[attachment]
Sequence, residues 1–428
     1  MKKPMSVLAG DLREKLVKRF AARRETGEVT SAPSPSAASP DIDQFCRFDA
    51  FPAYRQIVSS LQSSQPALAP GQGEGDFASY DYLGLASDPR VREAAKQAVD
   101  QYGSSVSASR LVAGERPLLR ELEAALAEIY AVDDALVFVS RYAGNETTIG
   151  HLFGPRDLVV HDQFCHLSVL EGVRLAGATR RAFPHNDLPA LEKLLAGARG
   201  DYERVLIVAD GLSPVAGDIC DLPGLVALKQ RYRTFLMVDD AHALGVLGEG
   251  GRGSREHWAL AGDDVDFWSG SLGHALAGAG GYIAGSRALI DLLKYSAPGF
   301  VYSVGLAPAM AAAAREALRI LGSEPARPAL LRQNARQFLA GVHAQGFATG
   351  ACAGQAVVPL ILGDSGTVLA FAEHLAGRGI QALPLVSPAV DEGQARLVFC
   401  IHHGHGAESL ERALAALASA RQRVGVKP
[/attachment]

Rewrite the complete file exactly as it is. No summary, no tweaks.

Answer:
Sequence, residues 1–428
     1  MKKPMSVLAG DLREKLVKRF AARRETGEVT SAPSPSAASP DIDQFCRFDA
    51  FPAYRQIVSS LQSSQPALAP GQGEGDFASY DYLGLASDPR VREAAKQAVD
   101  QYGSSVSASR LVAGERPLLR ELEAALAEIY AVDDALVFVS RYAGNETTIG
   151  HLFGPRDLVV HDQFCHLSVL EGVRLAGATR RAFPHNDLPA LEKLLAGARG
   201  DYERVLIVAD GLSPVAGDIC DLPGLVALKQ RYRTFLMVDD AHALGVLGEG
   251  GRGSREHWAL AGDDVDFWSG SLGHALAGAG GYIAGSRALI DLLKYSAPGF
   301  VYSVGLAPAM AAAAREALRI LGSEPARPAL LRQNARQFLA GVHAQGFATG
   351  ACAGQAVVPL ILGDSGTVLA FAEHLAGRGI QALPLVSPAV DEGQARLVFC
   401  IHHGHGAESL ERALAALASA RQRVGVKP